Overview (No Spoilers):
The Fall of Erlon was part of The Critiquing Chemist’s SPFBO6 Phase One Batch and we enjoyed it so much that we picked this title to move forward as our finalist. Gods of Gunpowder is the second book of The Falling Empires saga, which picks up just as winter is waning and the battles are poised to resume. Firmly ensconced in the flintlock fantasy genre, with emphasis on military maneuvering, battles on two different theaters take up the majority of the focus for Gods of Gunpowder. For example, the first fifty percent of this read involves preparing for, waiting on, and the commencement of one battle, not to mention dealing with the aftermath. In each of the three key fighting scenes Fleming weaves together intricately choreographed twists and turns that involve volleying back and forth between different perspectives on both sides of the battle lines. That said, so much energy goes into crafting these points of conflict and the capturing the myriad of emotions such situations elicit that continued character development is compromised in the process. Despite significant potential, there’s a slew of characters, such as Lauriston’s generals and Thirona, who the reader knows very little of their backstory. Even the main characters experience minimal further development, despite being put in repeatedly dangerous situations.
Gods of Gunpowder suffered from the dreaded mid-series slump as the reader is left feeling as though they’d read through an entire novel whose purpose was to cleverly maneuver pawns into position for the rest of the saga. With so much of this novel being dedicated to everything surrounding the military campaigns, it felt like no forward progress was made (which often happens in war), but also that the same ground we’ve already visited being trekked back over by the various armies, limiting the worldbuilding for this second installment.
Lastly, the beginning of each chapter has a quote from a history books or manuscript from one of the generals. I initially found myself enjoying the stage that the quotes would set for the upcoming chapter, however quite a few times I found these passages to be too spoiler filled, allowing me to anticipate what doom and gloom the next pages would hold. These quotes managed to foretell a key death, along with the outcomes of the battles, ruining any intended surprise.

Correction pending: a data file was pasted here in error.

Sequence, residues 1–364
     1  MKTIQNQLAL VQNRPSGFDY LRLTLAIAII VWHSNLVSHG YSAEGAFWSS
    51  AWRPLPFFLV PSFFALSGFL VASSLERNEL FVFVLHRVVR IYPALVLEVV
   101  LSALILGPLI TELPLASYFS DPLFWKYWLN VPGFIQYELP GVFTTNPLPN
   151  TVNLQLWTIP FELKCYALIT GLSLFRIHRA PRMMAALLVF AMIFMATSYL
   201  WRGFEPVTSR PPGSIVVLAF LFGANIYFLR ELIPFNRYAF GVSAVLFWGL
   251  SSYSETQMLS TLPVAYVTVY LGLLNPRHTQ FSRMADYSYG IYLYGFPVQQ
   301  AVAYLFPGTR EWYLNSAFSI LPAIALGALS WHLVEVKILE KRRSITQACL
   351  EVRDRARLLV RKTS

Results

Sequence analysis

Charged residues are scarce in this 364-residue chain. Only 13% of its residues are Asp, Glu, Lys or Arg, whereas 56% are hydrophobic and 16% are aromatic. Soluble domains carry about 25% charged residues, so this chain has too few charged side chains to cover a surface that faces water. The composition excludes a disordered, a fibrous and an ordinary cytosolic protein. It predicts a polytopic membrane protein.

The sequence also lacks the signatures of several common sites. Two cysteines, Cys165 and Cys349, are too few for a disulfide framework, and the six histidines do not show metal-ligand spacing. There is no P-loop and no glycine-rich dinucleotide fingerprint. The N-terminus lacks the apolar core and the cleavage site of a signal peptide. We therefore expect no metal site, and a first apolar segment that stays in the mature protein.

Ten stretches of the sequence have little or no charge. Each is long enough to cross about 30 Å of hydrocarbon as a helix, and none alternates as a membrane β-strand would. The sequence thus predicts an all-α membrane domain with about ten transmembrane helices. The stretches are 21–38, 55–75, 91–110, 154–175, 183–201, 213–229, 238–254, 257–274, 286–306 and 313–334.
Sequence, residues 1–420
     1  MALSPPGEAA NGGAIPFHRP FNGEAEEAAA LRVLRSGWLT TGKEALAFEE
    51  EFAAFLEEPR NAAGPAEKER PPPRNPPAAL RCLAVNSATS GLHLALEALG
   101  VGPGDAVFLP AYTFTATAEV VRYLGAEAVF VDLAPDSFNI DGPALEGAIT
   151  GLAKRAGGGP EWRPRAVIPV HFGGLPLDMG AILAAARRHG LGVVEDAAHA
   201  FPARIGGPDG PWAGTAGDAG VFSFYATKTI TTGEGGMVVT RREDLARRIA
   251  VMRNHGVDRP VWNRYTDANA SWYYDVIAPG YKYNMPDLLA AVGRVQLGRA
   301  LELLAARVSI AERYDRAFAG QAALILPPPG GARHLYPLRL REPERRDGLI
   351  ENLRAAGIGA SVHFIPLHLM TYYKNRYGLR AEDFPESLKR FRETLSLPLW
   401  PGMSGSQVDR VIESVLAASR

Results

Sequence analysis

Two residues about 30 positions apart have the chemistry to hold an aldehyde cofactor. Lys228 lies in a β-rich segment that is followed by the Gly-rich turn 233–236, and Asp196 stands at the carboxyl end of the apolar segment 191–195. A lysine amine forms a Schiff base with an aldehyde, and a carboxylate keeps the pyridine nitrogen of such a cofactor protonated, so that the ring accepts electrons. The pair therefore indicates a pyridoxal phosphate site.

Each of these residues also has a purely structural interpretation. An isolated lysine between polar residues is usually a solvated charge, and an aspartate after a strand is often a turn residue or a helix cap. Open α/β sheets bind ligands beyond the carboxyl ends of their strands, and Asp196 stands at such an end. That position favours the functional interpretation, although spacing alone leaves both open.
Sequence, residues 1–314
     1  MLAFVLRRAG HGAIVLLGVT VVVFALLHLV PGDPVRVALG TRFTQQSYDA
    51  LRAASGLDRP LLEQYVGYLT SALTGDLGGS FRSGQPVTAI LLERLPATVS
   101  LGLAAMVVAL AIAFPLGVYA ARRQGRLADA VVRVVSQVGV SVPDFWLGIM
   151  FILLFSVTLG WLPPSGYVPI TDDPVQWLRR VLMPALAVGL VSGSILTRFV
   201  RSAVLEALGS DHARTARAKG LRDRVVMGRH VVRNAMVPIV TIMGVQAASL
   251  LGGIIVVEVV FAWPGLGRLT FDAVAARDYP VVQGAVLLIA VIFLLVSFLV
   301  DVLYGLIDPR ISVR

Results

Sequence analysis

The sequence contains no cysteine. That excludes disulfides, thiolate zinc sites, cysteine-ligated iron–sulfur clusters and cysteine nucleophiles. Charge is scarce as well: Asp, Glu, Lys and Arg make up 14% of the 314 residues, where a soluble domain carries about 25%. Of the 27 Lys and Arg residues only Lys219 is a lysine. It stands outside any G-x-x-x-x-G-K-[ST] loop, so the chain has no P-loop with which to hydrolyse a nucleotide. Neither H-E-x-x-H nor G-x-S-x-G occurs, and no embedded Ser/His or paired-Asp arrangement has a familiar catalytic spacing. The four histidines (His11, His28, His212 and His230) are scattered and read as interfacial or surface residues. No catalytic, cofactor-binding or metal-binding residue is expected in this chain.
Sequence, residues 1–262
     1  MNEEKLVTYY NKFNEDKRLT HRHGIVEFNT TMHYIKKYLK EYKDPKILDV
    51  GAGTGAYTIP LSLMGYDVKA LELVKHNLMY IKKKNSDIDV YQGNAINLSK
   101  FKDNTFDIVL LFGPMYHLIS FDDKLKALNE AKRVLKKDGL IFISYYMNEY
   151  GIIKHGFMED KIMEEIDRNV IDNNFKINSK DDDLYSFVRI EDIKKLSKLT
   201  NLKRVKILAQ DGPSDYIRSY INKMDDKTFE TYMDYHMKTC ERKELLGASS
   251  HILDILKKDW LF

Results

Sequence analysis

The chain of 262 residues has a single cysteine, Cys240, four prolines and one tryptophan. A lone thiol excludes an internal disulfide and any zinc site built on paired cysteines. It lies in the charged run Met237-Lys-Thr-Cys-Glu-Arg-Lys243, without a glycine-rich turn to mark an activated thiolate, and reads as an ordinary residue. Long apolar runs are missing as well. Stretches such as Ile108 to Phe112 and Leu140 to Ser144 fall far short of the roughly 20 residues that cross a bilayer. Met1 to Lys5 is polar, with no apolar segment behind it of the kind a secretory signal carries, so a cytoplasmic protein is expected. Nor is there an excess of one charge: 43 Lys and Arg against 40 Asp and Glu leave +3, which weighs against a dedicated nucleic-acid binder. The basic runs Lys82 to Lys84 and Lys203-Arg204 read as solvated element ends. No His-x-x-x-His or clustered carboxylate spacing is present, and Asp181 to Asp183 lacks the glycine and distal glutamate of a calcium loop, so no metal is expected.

Overall, Gods of Gunpowder suffered from the second book slump, despite containing three, suspense-filled, well-choreographed battles that work to set the stage for the rest of the series.
Additional Insight (Spoilers Abound):
- It was interesting to see the roles reversed for Andrei and Pitt going from captive to captor, and vice versa. How will Pitt escape?
- How did Andrei lose connection with his hawk? Where does this power come from?
- Why can’t Elisa’s old god/guide be more of an active help and why is she not telling anyone that she’s seeing him?
- Rapp’s death was surprising, especially after The Fall of Erlon where he seemed to be rounding a corner of maturity, only to regress in Gods of Gunpowder in the wake of his victory. Was Chaos guiding him? If so, why did Chaos help him to defeat the Kurakin? Rapp’s death was the one that was spoiled for me based on the quote at the beginning on the chapter.
- Did Nelson wait too long to release Lannes back into the world? So many battles were lost and key positions yielded throughout this novel that it leaves the ‘good guys’ in a rather hopeless situation.
- How will Lannes defeat Leberecht now that he holds Citiva?
- Why are the Lakmian’s so dedicated to the Erlon cause?
- Why didn’t Epona communicate at all where she was going? What did the Ascended One mean that he’d given them enough tool to win the war? Did he really abandon the Continent?
- Are there only two sorceresses? Where does their power come from? Why are they only in Brun?
- Where is Caroline going?